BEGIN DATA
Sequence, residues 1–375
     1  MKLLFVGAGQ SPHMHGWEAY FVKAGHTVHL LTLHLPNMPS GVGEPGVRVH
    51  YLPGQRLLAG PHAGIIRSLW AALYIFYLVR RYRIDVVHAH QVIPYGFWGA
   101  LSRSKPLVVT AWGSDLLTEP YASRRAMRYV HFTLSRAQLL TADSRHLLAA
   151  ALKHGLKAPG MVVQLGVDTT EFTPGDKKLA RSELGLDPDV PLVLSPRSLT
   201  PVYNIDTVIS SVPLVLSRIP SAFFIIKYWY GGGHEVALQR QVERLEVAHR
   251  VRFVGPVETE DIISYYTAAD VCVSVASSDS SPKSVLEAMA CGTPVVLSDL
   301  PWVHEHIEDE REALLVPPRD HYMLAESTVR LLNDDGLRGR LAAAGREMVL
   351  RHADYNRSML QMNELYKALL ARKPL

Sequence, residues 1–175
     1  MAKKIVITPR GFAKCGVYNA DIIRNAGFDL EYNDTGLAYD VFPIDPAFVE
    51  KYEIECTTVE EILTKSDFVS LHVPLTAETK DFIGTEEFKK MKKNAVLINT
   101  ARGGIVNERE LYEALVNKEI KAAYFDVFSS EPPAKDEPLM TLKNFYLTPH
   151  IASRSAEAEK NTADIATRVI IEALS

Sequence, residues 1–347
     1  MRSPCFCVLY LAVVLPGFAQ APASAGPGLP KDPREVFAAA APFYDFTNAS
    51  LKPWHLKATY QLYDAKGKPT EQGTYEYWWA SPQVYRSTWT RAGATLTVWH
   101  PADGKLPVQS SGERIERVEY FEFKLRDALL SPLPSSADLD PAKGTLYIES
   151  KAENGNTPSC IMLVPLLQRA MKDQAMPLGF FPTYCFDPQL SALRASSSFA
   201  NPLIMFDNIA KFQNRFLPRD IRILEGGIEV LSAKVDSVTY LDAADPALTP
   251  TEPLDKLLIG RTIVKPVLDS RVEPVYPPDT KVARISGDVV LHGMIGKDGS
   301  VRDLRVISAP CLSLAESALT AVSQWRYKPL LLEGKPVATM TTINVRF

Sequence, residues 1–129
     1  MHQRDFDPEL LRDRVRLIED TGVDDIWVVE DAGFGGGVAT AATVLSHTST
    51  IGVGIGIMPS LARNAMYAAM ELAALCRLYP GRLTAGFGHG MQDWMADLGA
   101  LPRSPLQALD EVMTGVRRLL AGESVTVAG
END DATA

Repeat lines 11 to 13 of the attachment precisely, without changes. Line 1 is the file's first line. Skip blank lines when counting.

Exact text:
     1  MAKKIVITPR GFAKCGVYNA DIIRNAGFDL EYNDTGLAYD VFPIDPAFVE
    51  KYEIECTTVE EILTKSDFVS LHVPLTAETK DFIGTEEFKK MKKNAVLINT
   101  ARGGIVNERE LYEALVNKEI KAAYFDVFSS EPPAKDEPLM TLKNFYLTPH